I’m still reeling with the delightful memories that Bhutan has offered to me! I finally got a chance to take a vacation to Bhutan in December 2019. It was winter in Bhutan and what better time for me to go there! I just love winters, snow and all the time that I can get for myself in such a weather! There are 2 ways in which you can get to Bhutan. You can take a flight and reach Paro. An alternative option is to take a flight till Bagdogra and drive to Thimphu/Paro. If you are going by air, visa for Indians can be obtained at the airport. If by road, you will need to stop at Phuentsholing which is the India-Bhutan border. The immigration office will provide a visa for 7 days. If you are planning to stay beyond that, make sure you are applying for an extension. Getting from Bagdogra to Phuentsholing will take about 4 hrs at a minimum and from Phuentsholing to either Paro/Thimphu another 3.5-4hrs. Many people even end up staying at Phuentsholing for the night so that it doesn’t become too hectic.Thimphu is about 1.5 hour from Paro.
Our first stop was Paro and the first thing that I get to do is hike all the way up to the incredible Taktsang monastery or popularly known as Tiger’s nest monastery. We started our hike at 8.30am in the morning and what a lovely weather we had that day! Not to mention, I was equally excited about meeting the dogs there! Wherever I have trekked or hiked, I’ve met some lovely doggie companions who make it so much more memorable for me! Taktsang monastery is about 5 kms one way and the entire journey can take upto 5 hours or more, considering you’ll take pictures and stop to enjoy the views. It of course will depend upon your pace too. The views are so breathtaking that you invariably stop in many places to soak it in! I was no different. The legend has it that Guru Padmasambhava came on a tigress to destroy a demon. He is also believed to have spent his time meditating here.
Paro also has a beautiful fort that acts now as an office to serve Government duties as well as a monastery. Although there are 13 temples here, foreign tourists are allowed only inside one. This is also considered to be much more smaller than what you would see at Punakha monastery. This is something you need to visit later in the evening as well just to see how beautiful it lights up. I also got introduced to Butter Tea here that I absolutely loved and don’t even ask the amount of momos I ate here! I even gave the hot stone bath a try here but I don’t think I made the most out of it. In 15 mins, I felt like I had to come out due to suffocation caused because of the amount of steam inside !! 😀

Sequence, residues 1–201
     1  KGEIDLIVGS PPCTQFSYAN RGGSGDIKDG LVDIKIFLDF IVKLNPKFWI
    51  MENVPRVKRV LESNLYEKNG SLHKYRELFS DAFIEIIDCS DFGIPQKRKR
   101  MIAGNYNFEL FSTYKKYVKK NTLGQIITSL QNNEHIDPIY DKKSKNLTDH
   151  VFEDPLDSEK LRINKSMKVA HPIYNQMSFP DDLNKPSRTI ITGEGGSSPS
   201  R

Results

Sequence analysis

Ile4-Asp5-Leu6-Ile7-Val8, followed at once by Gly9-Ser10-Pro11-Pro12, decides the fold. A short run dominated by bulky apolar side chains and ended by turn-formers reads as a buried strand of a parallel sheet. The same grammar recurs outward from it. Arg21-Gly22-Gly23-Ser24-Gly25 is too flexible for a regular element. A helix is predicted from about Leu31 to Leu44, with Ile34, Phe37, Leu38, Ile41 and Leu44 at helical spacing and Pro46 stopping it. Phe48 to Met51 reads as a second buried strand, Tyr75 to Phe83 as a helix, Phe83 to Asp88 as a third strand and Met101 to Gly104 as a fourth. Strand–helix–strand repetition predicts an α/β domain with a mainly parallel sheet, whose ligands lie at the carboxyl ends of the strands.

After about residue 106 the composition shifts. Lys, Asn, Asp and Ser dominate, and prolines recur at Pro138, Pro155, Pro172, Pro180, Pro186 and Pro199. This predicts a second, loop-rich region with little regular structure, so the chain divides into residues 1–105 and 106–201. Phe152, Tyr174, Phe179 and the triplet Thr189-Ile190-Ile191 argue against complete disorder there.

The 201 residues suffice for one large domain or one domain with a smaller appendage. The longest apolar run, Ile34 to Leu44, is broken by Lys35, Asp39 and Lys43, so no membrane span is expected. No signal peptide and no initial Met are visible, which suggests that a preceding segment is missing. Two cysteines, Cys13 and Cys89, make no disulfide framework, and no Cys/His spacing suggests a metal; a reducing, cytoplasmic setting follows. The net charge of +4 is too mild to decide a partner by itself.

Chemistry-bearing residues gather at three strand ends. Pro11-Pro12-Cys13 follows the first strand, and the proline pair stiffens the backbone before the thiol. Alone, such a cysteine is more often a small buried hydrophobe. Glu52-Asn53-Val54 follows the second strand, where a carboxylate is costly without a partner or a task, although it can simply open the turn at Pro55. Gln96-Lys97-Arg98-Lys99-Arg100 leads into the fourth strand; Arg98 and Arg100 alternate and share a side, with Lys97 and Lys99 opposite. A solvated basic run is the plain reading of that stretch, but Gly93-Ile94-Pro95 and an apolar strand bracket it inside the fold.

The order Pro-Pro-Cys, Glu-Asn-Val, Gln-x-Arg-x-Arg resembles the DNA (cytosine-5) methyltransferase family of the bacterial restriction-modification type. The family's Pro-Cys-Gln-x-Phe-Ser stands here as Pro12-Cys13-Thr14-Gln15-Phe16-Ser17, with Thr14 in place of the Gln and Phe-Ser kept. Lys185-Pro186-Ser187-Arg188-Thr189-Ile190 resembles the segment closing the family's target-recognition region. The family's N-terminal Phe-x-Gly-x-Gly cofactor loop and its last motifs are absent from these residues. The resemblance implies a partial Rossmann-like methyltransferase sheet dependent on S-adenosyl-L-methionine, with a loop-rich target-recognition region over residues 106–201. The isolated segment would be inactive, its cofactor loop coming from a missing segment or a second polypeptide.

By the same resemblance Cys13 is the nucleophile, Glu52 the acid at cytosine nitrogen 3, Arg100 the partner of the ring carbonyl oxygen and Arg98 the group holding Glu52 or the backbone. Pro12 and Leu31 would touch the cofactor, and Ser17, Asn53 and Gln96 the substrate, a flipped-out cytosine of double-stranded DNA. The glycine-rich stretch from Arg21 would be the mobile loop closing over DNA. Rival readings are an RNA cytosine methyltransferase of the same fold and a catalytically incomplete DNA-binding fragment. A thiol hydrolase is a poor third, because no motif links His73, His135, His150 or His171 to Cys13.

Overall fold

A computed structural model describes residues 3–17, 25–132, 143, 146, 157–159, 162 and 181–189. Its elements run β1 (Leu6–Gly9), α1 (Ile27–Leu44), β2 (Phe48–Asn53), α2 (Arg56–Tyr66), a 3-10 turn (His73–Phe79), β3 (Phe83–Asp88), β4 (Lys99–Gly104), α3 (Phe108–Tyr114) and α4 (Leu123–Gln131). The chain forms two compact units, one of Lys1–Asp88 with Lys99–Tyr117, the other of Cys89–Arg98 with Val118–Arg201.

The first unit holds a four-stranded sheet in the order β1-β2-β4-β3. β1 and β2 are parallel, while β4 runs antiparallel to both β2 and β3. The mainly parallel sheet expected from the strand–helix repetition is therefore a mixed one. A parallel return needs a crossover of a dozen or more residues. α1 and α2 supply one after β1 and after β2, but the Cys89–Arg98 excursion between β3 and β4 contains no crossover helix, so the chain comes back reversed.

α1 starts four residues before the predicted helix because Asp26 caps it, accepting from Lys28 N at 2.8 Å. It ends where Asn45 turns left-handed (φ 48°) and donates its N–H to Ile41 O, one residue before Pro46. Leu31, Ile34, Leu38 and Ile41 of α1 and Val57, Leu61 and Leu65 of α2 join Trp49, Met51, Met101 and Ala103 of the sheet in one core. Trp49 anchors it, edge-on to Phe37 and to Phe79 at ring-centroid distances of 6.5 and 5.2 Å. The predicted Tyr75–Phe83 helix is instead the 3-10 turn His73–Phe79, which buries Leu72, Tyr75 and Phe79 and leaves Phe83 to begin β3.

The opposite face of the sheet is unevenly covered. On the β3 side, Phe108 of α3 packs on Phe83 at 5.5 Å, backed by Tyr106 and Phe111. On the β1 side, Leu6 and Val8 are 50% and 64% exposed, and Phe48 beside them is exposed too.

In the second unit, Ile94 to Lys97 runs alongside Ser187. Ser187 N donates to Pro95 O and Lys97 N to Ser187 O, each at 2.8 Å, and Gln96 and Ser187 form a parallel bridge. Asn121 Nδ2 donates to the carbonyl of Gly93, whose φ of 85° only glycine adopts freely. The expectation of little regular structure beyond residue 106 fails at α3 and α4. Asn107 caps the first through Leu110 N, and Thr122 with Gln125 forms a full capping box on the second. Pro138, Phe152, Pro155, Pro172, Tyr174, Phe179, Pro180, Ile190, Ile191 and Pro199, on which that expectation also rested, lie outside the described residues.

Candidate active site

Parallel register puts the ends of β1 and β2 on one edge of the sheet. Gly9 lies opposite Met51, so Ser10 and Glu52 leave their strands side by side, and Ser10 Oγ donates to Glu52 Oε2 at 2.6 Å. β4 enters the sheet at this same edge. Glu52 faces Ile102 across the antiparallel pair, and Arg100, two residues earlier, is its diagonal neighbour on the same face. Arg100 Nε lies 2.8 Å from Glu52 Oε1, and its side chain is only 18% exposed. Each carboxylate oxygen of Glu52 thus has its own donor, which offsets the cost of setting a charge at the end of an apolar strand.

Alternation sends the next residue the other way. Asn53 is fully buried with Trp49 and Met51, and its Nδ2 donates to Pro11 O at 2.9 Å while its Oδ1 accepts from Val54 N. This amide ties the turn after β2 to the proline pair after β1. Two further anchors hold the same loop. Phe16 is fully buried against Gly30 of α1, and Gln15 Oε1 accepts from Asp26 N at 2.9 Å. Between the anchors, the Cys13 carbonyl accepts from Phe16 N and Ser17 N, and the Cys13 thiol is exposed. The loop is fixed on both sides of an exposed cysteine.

Straight from Paro, we headed to Thimphu for a day. It was a very relaxed day and we went around seeing the town. We also had to get pass for Punakha and Pobhjikha Valley.
It was also required to get an extension as we were staying in Bhutan for 8 days. Next day we started towards Pobhjikha Valley which is a good 4-5 hours from Thimphu. En route, you will also stop at Dochula Pass where there are 108 memorial stupas. Since it was winter, we did get to see snow as well. It just looked so pristine and calm.
By afternoon, we reached Pobhjikha Valley. We wanted to go here to see the black necked cranes that come from Tibet during Winters. This Valley is just out of the world! Reminds me of times when you honestly feel that pictures don’t do any justice to what you are witnessing. One of the things to be grateful for! It was such a self sustained place. People grew their own vegetables and some even grew paddy! We were staying at a local’s house and once we reached there, that’s when they went to get vegetables from their farm to cook lunch for us!! To top it, we even had black necked cranes come very close to this house!
This was one of those places where there was so much silence and calm that even walking on the floor seemed like I was disturbing someone. This place is now added to my list that gave me so much calmness and peace of mind that I forgot about everything else! Others being Jadu Ka Talaab in Kedarkantha Trek, a place called Thangu in Sikkim that you get on your way to Gurudongmar Lake and Arashiyama (Bamboo Forest) in Kyoto.
If relaxation is not your thing, then Pobhjikha Valley may not be meant for you. We met another couple from Bangalore who had come to stay here and we had an amazing dinner with them! We were fed Ezay, Ema Datshi (chilly cheese), Kewa Datshi (potato cheese), red rice, spinach like veggies (sorry don’t remember the name of it) and butter tea!
There is a beautiful monastery here in Pobhjikha. If you are around, then do visit this. When we went there, the monks were getting ready to go their homes for their winter break.
Next stop was Punakha where we visited the Punakha Dzong and Suspension bridge. The next morning we made a visit to Chimi Lhakhang Monastery. Best part was the walk through the fields to reach this place!
Post this, we headed back to Thimphu to visit the Tashichhoe Dzong.
Next day, we first planned to head to Buddha Point and spend time there. We even had the chance to meet one of our close friends who were visiting Bhutan too.
The last thing we had kept as part of our trip was the hike to Cheri monastery. It takes about 3 hours for the complete hike. Many people known as Tshampas come here to meditate. They apparently meditate starting with 3 days to 3 weeks to 3 months and then 3 years with no communication with outside world! You get a panoramic view of Thimphu from here.
A big shout out to all the lovely Bhutanese people – so warm and so welcoming!
It was indeed one of the most relaxing trips that I’ve ever had. It gave me time to calm myself down, think about myself and contemplate, not worrying much, to take it easier on myself – a much deserved and a well deserved break.